Prevailing Wage Law Upheld
Sacramento, CA: In an open letter that ran as a full page ad in today’s Sacramento Bee, elected leaders from six of California’s eight largest cities called on California Governor Jerry Brown and the State Legislature to include prevailing wage standards in state housing reforms.
The Legislature is currently considering a range of proposals aimed at combating California’s persistent housing affordability crisis.
The ad was paid for by Smart Cities Prevail (SCP)—a non-profit research organization that focuses on wage policies and contracting standards in the construction industry—and was signed by a group of local elected officials from the cities of San Diego, Los Angeles, San Jose, San Francisco, Oakland, and Sacramento.
The ad references ongoing efforts to streamline more housing development—with several proposals under consideration to combat California’s persistent housing affordability crisis again this year.
“Real housing reform needs to do more than simply streamline more development,” the leaders write. “We need to promote investment in the people who are doing the building, and struggling to pay the rent in our communities.”
The ad highlights findings from a new SCP study entitled, “The Value of Linking Good Construction Jobs to California’s Housing Reforms.”
Utilizing Economic Census data and industry standard data analysis, this study highlights how a variety of factors are contributing to California’s housing affordability crisis—including significant increases in profits for developers and builders, shrinking wages for blue-collar construction workers, and declining productivity for the construction industry as a whole. It concludes that including prevailing wage standards in state housing reforms would help the industry attract and develop the skills needed to boost housing supply, while also helping to close the affordability gap for working families, reducing racial disparities in pay, and saving taxpayers tens of millions of dollars per year by reducing reliance on public assistance.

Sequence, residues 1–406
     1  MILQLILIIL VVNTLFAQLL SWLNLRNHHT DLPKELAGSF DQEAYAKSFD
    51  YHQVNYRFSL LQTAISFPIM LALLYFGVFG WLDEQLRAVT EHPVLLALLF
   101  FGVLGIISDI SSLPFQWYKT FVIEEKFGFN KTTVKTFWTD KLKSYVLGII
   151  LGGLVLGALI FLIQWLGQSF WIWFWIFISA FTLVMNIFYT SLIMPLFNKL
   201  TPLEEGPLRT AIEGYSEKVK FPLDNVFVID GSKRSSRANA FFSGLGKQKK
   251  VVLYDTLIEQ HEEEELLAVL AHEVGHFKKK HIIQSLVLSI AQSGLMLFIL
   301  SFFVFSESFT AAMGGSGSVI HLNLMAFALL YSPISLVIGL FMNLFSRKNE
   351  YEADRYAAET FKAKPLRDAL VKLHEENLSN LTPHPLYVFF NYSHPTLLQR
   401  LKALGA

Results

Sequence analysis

“With real blue-collar construction wages down 25% over the last two decades, the suggestion that labor costs hinder the construction of more housing supply is simply not supported by the facts or the financial realities of the industry,” said study author Alex Lantsberg. “With housing prices and profits soaring, the industry is well positioned to invest in productivity and affordability for its own workforce. We can make good progress towards both objectives by incorporating prevailing wage standards into state housing reforms.”
Smart Cities Prevail has also posted today’s open letter online. Members of the public who want to lend their voice in support of including prevailing wage in state housing reforms can do so at: www.smartcitiesprevail.org/housingpetition.
Smart Cities Prevail is a leading national non-profit research and education organization focused on the construction industry. Learn more at www.smartcitiesprevail.org, or by following us on Facebook or Twitter.
© 2016 Smart Cities Prevail